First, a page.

Adaptation capacity of Boer goats to saline drinking water

Runa, R.A.; Brinkmann, L.; Gerken, M.; Riek, Alexander

Due to global climatic changes, water and soil salinization is an increasing worldwide phenomenon, thus creating new threats for farm animal production. The present study was designed to investigate the adaptation capacity of goats towards sodium chloride (NaCl) in drinking water. Twelve non-pregnant Boer goats with an average body weight of 50.5 ± 9.0 kg were kept in individual pens. The study was conducted in four phases applying a two-choice preference test. In the control phase (phase 1) only fresh water was supplied in two containers. In phase 2, water with different salt concentrations (0.25%, 0.5%, 0.75%, 1.0%, 1.25% and 1.5%) was offered in one container and tap water in the other (sensitivity test). During the third phase (adaptation), goats were stepwise habituated to saline water by offering only saline water with different increasing concentrations (between 0% and 1.5% NaCl) in both containers. Subsequently, in phase 4 (sensitivity re-test) the same treatment as in phase 2 was repeated. Goats had ad libitum access to hay, water and a mineral licking block. Individual water and feed intake were recorded daily, while body weight and body condition score were measured every 2 ⁿd week. Body weight was not affected by saline water intake, whereas dry matter intake and body condition scores decreased significantly during the experiment. Water intake was significantly (P<0.001) higher in phase 2 (sensitivity test) and phase 3 (adaptation), compared to phase 1 (control) and phase 4 (sensitivity re-test). Total sodium intake followed the same pattern. In phase 2, when goats had the choice between fresh and saline water for the first time they preferred higher salt concentrations and consumed significantly (P<0.001) higher amounts of saline water (75.4 ± 53.2 g/kg BW ⁰.⁸² per day) than in the re-test (40.4 ± 34.0 g/kg BW ⁰.⁸² per day) after the habituation period. Thus, salt discrimination rejection thresholds were lowered to 1.25% in phase 4 compared to 1.5% in phase 2. The results suggest that a stepwise adaptation to saline drinking water in goats is an effective method to habituate the animals to saline water intake when concentrations were below 1.5%. Goats reacted more sensitively to the salinity of drinking water after prolonged exposure to saline water indicating flexible regulation mechanisms depending on the total sodium balance of the animal.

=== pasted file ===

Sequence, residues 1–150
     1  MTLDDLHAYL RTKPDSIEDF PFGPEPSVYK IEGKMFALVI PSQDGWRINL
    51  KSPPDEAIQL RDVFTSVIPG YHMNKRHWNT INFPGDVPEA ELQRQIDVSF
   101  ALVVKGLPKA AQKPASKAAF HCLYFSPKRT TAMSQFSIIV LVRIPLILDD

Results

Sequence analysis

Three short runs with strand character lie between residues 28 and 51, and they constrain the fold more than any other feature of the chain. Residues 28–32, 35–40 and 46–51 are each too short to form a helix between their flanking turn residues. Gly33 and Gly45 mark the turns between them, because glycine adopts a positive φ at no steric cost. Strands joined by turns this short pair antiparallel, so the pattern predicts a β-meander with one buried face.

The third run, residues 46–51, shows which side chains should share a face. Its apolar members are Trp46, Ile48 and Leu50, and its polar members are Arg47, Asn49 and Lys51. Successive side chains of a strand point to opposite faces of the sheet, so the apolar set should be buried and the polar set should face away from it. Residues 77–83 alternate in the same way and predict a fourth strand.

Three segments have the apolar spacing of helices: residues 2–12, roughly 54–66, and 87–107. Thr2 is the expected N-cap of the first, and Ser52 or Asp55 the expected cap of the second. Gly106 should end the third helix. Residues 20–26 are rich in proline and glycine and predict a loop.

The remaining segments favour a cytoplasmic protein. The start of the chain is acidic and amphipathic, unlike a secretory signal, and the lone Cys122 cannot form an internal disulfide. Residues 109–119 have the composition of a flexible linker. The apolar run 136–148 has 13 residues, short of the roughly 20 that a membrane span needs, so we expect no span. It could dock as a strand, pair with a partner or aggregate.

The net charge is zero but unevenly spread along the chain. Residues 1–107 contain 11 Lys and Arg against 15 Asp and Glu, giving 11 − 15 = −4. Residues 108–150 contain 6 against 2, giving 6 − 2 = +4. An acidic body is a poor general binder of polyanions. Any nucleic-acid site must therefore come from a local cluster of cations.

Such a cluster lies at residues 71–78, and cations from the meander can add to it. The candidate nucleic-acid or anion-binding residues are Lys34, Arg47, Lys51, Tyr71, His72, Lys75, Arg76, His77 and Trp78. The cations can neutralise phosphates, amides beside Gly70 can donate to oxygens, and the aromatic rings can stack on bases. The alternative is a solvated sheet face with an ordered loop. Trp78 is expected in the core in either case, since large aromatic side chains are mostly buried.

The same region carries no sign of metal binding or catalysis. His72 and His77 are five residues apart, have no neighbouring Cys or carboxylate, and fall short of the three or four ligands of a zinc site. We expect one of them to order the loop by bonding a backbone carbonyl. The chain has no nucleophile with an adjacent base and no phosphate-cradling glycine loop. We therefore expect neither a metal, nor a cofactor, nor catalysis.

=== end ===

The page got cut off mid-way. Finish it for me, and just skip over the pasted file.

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Runa, R.A. / Brinkmann, L. / Gerken, M. / et al: Adaptation capacity of Boer goats to saline drinking water. 2019.


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